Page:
Where are the best off-the-beaten-path teahouses, design shops, restaurants, confectionaries, and places to stay in Japan? We asked Asako Ueno, owner and curator of Brooklyn-based Japanese goods shop Anzu New York, where she goes when visiting Japan. Here’s her mini guide.
New from the designer behind Minä Perhonen, Akira Minagawa’s new shop, Call, sells textiles and clothing, Ueno says, “but also I enjoy the interior, like the chandelier, which glass artist Kazumi Tsuji made for this shop. They also have a grocery shop and cafe there.”
Two more of Ueno’s picks are on the same street. Sake Shop Fukumitsuya Marunouchi: “This is a sake shop, but I always buy a little gift for my American friends and for myself,” Ueno says. “They sell packaged food and ceramics; also they serve sake ice cream, which is so good.” And the Tokyo location of Ippodo Tea, which also has a Kyoto shop: “I use this shop for tea shopping and also tea break.”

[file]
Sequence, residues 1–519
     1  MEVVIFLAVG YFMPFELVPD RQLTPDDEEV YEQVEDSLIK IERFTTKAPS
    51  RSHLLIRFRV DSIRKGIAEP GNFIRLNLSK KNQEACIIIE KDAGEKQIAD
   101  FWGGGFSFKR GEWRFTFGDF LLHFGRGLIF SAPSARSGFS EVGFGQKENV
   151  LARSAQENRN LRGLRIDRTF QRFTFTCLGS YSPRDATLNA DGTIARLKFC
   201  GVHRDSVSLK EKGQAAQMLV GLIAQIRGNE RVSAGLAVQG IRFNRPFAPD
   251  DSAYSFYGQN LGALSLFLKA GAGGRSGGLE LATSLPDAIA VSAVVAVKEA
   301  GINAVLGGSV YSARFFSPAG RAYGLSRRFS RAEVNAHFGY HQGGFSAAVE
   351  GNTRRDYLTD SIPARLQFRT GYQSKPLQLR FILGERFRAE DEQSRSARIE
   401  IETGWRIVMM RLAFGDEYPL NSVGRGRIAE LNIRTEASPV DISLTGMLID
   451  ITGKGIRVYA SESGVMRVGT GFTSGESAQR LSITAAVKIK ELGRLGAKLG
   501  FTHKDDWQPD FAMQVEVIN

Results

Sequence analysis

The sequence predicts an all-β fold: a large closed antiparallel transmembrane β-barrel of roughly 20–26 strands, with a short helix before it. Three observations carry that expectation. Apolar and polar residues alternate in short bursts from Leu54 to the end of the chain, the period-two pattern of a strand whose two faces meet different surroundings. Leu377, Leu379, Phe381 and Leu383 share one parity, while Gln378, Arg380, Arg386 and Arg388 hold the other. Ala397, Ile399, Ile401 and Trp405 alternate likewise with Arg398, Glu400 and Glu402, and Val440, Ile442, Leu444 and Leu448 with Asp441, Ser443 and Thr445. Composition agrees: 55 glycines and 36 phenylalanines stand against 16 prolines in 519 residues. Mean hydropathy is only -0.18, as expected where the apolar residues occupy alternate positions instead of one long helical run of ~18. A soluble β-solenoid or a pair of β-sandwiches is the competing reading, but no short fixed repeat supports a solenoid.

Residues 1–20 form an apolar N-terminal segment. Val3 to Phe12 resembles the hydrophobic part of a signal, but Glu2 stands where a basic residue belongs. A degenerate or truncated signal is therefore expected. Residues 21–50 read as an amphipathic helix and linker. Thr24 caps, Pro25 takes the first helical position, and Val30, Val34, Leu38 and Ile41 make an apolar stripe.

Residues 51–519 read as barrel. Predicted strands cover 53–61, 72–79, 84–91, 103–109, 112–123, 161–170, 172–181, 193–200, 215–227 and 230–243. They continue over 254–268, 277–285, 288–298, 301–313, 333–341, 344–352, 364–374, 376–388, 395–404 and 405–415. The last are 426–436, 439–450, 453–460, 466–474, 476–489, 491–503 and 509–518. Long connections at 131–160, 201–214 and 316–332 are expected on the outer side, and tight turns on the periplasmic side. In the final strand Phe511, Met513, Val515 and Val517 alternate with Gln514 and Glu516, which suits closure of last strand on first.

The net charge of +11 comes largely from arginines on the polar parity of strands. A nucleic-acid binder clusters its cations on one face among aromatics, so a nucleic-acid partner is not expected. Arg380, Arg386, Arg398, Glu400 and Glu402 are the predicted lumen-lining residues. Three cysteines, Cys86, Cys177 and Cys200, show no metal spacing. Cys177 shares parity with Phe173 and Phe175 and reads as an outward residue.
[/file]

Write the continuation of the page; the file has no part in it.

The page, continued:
And Daikanyama Tsutaya Books is a massive architect-designed bookshop that’s noted among the most beautiful bookstores in the world. “They also sell gifts,” Ueno says.
Another inn recommendation: the traditional Yudonoan in Yamagata. (Ueno worked on the interior design several years back.) “It’s surrounded by a rice field, with local food and hot spring baths, all owned by one family. For ‘do nothing,’ it’s the best place to stay,” she says. “I sometimes go the Ken Domon Museum of Photography when I stay there.”
Headed to Japan? See our guide to Japan Design Travel, and browse more of our picks.
- Hotel Hakuba: A Japanese Ski Lodge for Scandi Design Fanatics
- Down the Stairs: A Staff Canteen and Cafe in Tokyo
- Worth the Trip: Eatrip in Tokyo